With the growing list of products Apple offers, the number of devices connected to your Apple ID can get quite extensive. Having all those devices connected to your Apple ID helps you keep track of them, but when it comes time to part ways with an Apple TV or Apple Watch, those devices can still be attached to your Apple ID. In some cases, this could affect the overall security of your account.
For convenience's sake, you can manage your list of Apple devices right from your iPhone. I'd suggest everybody do this every now and then to check which devices are connected to your account, and you'll see why in a second.
If you no longer have one of the listed devices, whether it was stolen, lost, sold, or given away, there's no point in them being attached to your Apple ID. You may even find devices you don't recognize at all. In these cases, it's best to remove them.
From a security standpoint, if you're not using the device anymore and have two-factor authentication set up for your Apple ID, it's even more important to remove the devices as they can be used to receive 2FA verification codes when logging into Apple or iCloud services from a new device.
Devices you can view and remove in your Apple ID account include almost every major Apple product: iPhone, iPad, iPod touch, Mac, Apple Watch, and Apple TV. AirPods are not included as those don't connect to your Apple ID, even though they will show up in Find My iPhone so you can track them down if lost.
As far as non-Apple devices go, you can also view Windows 10 machines that you logged into iCloud with, such as a Surface Laptop 2 or Surface Go. Instead of viewing an image of the device, machines using Windows 10 and higher will have an icon with four gray diamonds inside a larger diamond shape.
Deleting devices from your list can be done from iCloud.com, but this post will only focus on doing so from an iPhone as that will be the easiest way for most Apple users to remove devices from their account. This is most useful whenever you sell, give away, or just lose a device.
Don't confuse this with the process of unlinking devices from your iTunes account, which is very similar, but an entirely different thing. Authorized devices with iTunes are just for iTunes, and you can authorize iTunes use on devices not your own, so removing them in iTunes won't remove them from your Apple ID account.
Open up the Settings, then tap on your name, which houses all of your important Apple information, including Apple ID, iCloud, iTunes, and App Store preferences. The devices connected to your account will be listed in order at the very bottom of the menu. The first device listed (example: "This iPhone") will be the device you are using and the rest will be your other Apple devices.
To remove devices you are not using anymore, tap its name. Within the menu for Device Info, go to the very bottom and tap on the "Remove from Account" option. You'll get a prompt to confirm you want to remove it, so press "Remove" on that.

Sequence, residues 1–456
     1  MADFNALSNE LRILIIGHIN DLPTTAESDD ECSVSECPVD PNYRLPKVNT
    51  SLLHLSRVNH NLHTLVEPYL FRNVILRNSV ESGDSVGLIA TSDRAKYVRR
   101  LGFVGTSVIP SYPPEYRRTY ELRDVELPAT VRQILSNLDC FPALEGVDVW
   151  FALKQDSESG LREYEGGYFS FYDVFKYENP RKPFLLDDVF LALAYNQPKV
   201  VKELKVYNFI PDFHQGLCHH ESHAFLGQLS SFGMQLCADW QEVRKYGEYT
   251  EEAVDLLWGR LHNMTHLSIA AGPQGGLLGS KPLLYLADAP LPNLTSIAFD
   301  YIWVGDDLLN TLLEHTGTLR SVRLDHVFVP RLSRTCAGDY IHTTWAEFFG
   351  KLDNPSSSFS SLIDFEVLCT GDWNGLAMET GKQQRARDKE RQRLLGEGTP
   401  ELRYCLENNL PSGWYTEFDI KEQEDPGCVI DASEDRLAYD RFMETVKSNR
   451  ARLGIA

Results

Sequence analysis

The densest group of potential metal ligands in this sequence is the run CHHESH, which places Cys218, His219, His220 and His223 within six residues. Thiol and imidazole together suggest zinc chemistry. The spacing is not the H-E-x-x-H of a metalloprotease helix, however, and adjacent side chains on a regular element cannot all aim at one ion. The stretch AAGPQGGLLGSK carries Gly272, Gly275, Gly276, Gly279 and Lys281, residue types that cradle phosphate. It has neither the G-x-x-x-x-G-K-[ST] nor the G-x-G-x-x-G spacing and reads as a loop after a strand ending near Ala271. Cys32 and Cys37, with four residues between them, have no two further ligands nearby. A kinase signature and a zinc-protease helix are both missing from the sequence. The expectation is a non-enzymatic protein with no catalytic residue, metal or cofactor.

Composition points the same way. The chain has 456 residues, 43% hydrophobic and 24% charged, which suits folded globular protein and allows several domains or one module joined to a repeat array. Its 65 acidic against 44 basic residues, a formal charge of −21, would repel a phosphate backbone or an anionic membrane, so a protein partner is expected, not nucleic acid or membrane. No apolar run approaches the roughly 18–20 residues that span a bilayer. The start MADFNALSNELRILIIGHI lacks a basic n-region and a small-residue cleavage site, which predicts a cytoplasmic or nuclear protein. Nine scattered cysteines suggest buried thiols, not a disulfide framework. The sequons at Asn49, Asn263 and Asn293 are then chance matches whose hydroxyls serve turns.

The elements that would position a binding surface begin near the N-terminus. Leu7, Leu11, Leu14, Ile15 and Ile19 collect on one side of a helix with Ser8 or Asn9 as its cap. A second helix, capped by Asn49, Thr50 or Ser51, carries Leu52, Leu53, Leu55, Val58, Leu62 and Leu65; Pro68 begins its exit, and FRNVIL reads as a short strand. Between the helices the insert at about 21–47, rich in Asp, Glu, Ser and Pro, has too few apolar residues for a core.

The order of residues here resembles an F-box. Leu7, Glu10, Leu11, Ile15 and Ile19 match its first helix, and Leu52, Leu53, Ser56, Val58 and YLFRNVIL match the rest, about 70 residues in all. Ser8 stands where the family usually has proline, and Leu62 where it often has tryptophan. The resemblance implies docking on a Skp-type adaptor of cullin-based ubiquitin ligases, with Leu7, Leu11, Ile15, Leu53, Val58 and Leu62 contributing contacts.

Once you remove a device, it will never show up in your Apple device list again unless it connects back to the internet with your Apple ID logged in. This may be annoying if you're trying to eradicate it from the list altogether, so you'll need to make sure you're logged out of your Apple ID on the device first.
It's also worth noting that within this Device Info menu, you'll also get access to other important information, such as whether Find My iPhone (or iPad, iPod, or Mac) is on or off. If it's the device you're using, you'll also get a toggle for it.
Other data here may include Send Last Location, the model name, software version, serial number, IMEI, phone number, and Apple Pay cards, the latter of which can be turned off per device. This serves as an easy way to keep track of important device information you may need one day.
If you're giving the device to a family member, logging out of iCloud, iTunes, iMessage, FaceTime, and Game Center is probably good enough. When selling an Apple device like an iPhone or iPad, it's good to wipe the device which will remove your Apple ID information and disable Find My iPhone and Activation Lock.
When it's an Apple device that was lost or stolen, before you remove it from your Apple device list, you'll want to use Find My iPhone to mark it as lost so that no one else can use it. Then, remote wipe it. That way, Activation Lock will prevent anyone who tries to log in to their own account on the device, a security measure meant to deter thieves and other purveyors of stolen goods. After, you can remove the device as described above or directly in Find My iPhone after remote wiping it.
If you were removing a device that was lost, stolen, or unknown to you, you may want to consider changing your Apple ID password as an extra precaution.
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